Moment Center Location Designation

Quick question: Is the moment center lateral location indicated by a positive or negative measure of inches? Does a positive measurement indicate right or left of the centerline? I apologize if this is mentioned somewhere, or should be obvious, but I don't see it. Thanks.
—Anonymous

When we speak of the moment center's location, we refer to negative as left of centerline for the lateral location and below ground for the vertical location. Then, a positive number would be right of centerline and above ground.

I'm not sure what the industry norm is for those designations, but we locked into those depictions and we'll stay there. Also, we always show a driver's view of the front and back end of the car. That way, a left view is the left side of the car and telling the story is less confusing. I have seen some depictions where the view is looking at the front of the car. To me that is confusing and unnecessary. I like it simple.


Metric Car at East Bay

I'm building a Street Stock/“V8 Warrior” metric car to run at East Bay. I'm sure you are pretty familiar with that track. I just wondered if you have any setup thoughts or advice that might be specific to that track? Any help would be much appreciated.

Thanks,
—Steve Voisinet

Steve,

East Bay tends to be higher banked than many dirt tracks and also has more grip due to the material it is made of. It tends to hold moisture. So, your car will go faster through the turns and generate more lateral g-forces.

That one element of dirt tracks, varying g-forces due to varying grip conditions, is why dirt racing setup is so difficult. How many times have we heard a racer say he/she ran off with the heat race, but sucked in the feature. It is primarily because the track surface changed and the grip was not the same.

I just had this conversation with a guy from Georgia who races at East Alabama. I get the idea that EA is similar to East Bay when I hear him describe the way it is configured and the grip it has. His car did the same thing I mentioned, ran off and left the competition in the heats and then did not do as well in the feature.

What happened to them was the track was watered and actually got faster for the feature race. His car was setup for a more slick surface and was tight once the track gained grip. For EB, run a stiffer right rear spring than you would run at a flatter and slicker track. Be ready to change springs if the track goes slick if you start out setup for a tight track.

Usually, with the high rear Moment Center in the metric cars, the rear spring split is 50 lb/in with the right rear softer. But for high grip tracks, this might need to be reduced to only 25 lb/in split. So, you might use a 225 LR spring and a 175 RR spring for slick tracks and maybe a 225/200 or similar for a tacky track.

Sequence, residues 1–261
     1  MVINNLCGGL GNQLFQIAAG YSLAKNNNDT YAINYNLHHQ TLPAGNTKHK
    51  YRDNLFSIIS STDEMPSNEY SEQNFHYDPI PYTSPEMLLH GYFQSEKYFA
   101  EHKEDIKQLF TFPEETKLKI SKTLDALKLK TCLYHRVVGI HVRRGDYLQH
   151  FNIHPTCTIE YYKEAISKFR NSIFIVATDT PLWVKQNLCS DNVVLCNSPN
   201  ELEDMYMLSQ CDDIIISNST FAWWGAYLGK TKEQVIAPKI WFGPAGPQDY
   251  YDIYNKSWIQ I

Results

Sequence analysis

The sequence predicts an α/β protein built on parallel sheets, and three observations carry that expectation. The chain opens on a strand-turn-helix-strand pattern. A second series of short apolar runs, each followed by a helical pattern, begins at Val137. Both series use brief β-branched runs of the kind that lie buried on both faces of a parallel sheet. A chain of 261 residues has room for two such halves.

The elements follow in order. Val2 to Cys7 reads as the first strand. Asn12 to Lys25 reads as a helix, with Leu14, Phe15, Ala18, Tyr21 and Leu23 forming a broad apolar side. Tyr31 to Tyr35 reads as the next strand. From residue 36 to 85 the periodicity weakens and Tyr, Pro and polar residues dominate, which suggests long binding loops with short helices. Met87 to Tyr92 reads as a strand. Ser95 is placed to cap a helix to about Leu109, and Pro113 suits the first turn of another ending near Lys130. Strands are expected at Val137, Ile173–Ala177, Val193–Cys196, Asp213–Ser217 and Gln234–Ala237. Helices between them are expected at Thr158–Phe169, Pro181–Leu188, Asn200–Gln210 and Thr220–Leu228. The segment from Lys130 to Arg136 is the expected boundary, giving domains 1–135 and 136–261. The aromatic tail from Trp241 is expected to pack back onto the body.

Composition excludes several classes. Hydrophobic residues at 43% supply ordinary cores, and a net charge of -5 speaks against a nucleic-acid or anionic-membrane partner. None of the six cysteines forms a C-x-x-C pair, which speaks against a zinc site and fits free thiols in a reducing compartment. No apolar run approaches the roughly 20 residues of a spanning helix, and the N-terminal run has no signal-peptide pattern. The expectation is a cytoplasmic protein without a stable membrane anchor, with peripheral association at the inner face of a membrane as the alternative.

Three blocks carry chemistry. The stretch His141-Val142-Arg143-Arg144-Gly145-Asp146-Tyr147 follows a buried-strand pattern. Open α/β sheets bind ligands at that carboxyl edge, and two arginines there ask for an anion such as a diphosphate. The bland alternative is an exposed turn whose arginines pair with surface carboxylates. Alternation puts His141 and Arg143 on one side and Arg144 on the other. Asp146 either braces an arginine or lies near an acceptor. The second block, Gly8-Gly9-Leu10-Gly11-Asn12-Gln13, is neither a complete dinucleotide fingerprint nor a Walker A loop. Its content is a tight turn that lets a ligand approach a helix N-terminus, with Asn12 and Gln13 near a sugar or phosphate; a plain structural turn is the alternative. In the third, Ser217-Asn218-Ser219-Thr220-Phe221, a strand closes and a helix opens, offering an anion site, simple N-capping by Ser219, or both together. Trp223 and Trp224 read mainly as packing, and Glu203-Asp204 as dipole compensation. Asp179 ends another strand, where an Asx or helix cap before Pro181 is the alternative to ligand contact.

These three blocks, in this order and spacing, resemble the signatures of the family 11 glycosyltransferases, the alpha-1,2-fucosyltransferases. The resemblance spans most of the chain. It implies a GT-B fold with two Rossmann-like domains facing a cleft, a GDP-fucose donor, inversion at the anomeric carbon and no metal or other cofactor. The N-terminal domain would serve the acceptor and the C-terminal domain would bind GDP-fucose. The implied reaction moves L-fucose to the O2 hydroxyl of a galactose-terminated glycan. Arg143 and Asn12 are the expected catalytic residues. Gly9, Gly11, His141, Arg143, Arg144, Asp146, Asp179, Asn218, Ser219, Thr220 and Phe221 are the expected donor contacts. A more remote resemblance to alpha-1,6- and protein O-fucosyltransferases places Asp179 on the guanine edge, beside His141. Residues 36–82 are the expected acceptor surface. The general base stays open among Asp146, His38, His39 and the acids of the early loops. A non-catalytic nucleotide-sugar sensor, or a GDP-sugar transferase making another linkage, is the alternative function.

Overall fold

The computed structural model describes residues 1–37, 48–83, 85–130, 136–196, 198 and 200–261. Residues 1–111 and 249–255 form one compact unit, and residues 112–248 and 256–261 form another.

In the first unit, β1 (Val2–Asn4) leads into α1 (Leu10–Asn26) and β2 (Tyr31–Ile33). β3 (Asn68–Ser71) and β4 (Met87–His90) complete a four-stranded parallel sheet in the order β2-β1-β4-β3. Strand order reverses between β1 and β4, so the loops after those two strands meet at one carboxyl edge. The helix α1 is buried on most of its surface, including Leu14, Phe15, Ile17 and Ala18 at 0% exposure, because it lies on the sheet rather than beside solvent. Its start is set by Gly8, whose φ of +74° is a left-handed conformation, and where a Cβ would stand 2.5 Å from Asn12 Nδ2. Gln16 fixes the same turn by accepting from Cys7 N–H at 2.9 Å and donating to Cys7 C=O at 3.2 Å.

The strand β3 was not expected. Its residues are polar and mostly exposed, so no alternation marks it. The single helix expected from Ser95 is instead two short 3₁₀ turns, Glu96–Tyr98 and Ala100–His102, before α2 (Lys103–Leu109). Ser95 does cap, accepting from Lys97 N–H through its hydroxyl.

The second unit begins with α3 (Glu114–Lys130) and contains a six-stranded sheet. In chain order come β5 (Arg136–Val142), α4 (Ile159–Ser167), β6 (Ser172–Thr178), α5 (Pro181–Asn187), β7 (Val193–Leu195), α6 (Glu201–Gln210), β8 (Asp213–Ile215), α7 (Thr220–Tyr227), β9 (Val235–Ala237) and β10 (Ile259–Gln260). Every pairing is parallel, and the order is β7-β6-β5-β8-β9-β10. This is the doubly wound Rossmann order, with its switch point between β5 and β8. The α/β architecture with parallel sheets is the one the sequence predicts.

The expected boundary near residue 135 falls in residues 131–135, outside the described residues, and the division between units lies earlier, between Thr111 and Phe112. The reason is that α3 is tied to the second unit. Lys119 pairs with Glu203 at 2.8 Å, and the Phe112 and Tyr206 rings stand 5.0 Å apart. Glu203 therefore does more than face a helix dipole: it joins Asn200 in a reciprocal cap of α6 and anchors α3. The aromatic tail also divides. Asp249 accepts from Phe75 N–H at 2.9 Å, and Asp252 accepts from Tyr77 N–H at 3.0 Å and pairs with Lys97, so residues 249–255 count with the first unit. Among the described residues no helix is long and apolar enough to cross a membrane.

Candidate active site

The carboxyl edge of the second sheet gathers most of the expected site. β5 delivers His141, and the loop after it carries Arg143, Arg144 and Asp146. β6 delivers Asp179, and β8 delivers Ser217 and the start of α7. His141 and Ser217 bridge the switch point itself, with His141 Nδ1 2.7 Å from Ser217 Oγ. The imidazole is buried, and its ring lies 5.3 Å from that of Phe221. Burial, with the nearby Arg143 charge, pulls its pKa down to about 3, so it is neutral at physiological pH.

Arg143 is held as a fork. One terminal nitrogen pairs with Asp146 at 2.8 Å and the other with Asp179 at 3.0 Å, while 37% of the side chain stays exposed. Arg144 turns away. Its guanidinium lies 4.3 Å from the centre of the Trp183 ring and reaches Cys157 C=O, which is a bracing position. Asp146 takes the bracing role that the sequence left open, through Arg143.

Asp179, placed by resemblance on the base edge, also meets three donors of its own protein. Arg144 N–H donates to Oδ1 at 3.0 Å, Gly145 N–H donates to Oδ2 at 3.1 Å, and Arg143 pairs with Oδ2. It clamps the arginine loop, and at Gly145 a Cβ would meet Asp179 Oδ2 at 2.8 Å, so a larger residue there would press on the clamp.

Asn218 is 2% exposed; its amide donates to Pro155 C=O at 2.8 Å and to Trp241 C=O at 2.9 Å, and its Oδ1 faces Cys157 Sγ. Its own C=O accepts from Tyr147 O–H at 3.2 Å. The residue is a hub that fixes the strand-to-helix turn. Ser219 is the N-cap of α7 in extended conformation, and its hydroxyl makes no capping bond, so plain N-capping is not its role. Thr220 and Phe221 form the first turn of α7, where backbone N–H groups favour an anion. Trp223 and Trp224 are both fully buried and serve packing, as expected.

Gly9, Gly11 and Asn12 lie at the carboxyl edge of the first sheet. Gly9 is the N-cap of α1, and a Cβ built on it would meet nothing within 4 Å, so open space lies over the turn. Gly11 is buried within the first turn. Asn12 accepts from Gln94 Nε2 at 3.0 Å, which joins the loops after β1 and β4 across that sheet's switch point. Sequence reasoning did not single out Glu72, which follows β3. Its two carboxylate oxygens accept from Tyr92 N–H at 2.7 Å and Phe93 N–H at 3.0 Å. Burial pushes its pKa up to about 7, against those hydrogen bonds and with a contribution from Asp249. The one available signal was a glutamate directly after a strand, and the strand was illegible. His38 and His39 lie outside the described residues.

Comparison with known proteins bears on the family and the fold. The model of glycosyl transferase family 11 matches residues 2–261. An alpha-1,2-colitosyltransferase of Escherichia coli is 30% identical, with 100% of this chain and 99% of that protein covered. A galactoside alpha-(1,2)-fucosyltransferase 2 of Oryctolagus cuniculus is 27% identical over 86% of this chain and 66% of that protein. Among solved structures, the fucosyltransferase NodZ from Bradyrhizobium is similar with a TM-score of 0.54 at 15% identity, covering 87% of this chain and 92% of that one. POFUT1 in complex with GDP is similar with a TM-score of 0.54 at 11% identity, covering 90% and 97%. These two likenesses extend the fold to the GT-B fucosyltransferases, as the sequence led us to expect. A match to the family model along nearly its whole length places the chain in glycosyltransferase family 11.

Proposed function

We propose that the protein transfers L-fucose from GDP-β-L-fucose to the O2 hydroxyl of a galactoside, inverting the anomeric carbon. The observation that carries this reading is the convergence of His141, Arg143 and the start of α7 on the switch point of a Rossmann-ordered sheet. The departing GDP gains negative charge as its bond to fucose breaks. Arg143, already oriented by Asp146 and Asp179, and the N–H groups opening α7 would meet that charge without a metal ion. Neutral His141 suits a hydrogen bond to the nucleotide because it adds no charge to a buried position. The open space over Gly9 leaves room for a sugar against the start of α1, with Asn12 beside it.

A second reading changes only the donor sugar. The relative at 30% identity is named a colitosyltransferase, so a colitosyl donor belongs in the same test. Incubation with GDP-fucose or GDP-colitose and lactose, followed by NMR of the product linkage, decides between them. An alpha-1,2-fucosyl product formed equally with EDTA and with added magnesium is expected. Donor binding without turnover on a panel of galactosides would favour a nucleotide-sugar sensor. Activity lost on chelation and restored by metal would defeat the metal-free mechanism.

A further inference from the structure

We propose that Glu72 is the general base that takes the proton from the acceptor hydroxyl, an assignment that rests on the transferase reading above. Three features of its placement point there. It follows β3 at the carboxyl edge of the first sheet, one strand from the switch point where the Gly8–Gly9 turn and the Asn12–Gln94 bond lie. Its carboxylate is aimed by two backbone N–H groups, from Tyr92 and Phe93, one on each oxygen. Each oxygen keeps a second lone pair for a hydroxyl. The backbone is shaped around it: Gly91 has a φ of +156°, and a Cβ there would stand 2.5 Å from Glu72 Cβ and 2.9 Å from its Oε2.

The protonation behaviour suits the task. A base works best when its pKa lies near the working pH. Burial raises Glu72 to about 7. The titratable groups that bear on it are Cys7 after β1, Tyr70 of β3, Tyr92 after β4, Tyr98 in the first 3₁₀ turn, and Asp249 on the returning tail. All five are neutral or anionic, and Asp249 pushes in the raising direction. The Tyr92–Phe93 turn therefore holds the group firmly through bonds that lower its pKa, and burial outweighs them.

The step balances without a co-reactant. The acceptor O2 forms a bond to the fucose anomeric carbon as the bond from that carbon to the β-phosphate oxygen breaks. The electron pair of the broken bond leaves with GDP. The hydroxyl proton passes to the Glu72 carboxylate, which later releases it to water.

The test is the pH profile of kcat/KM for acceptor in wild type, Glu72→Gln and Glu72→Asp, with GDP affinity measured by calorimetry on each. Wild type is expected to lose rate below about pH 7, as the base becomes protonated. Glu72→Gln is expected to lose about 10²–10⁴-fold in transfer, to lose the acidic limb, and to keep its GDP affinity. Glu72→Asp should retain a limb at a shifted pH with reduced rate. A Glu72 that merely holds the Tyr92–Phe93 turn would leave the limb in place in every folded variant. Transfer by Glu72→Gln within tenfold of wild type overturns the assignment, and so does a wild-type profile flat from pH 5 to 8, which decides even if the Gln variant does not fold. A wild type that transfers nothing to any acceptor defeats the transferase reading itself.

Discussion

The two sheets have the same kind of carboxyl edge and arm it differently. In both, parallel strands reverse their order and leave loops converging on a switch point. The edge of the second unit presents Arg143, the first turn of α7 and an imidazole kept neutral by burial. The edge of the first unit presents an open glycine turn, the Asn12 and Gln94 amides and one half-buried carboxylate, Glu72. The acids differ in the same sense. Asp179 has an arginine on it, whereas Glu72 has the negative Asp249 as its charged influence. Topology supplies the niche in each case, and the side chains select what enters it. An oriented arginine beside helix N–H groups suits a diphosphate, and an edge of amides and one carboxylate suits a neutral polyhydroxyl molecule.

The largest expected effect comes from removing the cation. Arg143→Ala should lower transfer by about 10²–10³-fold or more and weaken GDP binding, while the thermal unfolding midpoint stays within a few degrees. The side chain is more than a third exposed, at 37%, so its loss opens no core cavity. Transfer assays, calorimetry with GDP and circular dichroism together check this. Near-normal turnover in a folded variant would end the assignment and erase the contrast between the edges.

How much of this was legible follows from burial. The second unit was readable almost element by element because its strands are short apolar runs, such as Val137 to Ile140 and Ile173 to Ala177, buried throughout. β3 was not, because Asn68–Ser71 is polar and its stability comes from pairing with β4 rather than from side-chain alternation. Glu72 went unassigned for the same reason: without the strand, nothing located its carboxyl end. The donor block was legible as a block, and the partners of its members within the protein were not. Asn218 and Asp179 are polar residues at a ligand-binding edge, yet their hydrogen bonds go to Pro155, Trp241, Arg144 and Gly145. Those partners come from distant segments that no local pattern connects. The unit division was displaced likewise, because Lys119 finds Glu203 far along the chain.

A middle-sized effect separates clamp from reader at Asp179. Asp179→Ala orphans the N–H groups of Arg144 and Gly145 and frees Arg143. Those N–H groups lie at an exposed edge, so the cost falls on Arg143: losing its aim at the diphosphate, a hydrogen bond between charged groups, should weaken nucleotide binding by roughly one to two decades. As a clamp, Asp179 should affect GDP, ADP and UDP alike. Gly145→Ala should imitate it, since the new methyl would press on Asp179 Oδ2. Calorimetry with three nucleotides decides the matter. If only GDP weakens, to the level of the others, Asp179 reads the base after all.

FWD Verses RWD at Kingsport Speedway

I have been getting your magazine for 15 years and I want to build my first race car at age 63. I will run at Kingsport Speedway in Tennessee, owned by Robert Presley. Is front- or rear-wheel-drive better than the other? Also, if you were building, what car would you choose? The class is the Pure 4 division. I can tell some of these cars are not completely stock. I just wanted to start on the right car. The track is a 3/8-mile with one long turn and one tight and is medium banked.

Thank you,
—Steve Gregory

Steve,

If I had the choice, I would prefer a rear-wheel-drive car. That is not to say that many teams have made the front wheel drive cars work, and work well. But head to head, when I was on Tour, I usually saw the RWD cars dominate the FWD where they raced together.

Granted, it's getting much harder to find a RWD four-cylinder car these days. Most manufacturers have gone to FWD and so we need to get used to seeing those cars race in the more affordable classes. As for CT, we could be accused of being late to that party due to our lack of tech pointed toward setup for the FWD cars. We probably need to work on that.


Gentleman's Rule Comments

On the Gentleman's Rule, most of the time the track officials or flag man do not know just who is the actual perpetrator of an on track altercation. So, everyone goes to the back and this is very frustrating when you didn't cause the yellow flag to come out. This can be a factor in the car count at the track and also on the head count in the stands. Each car on the track does have fans up in the stands.

It's in the best interest of the track promoter to adopt the GR. And peer pressure makes it work, but not in every case. For a person to tap out, or admit that he caused the episode and go to the back is being a sportsman. If he can work his way back up in the pack, this is being a gentleman. The fact is, the drivers do like this GR.

And all it takes is for the track promoter to announce it at the drivers' pit meeting and for the officials to follow the GR. They usually do if a driver taps out around here. We have the Wissota 100 here in Huron, South Dakota, and this last year we had a number of drivers tap out. It made the races go smoother, plus the drivers and fans like it. We are going to see more of the GR I believe.
—Daniel P. Horn

Daniel,

I think you are right. This needs to catch on across the country. Where it has been used, it definitely works. I think it brings some integrity back into the sport where it may have been lacking in certain areas. I would like to get more reports from racers about the use of the GR in your area. Please write to me and tell me how it is working for you.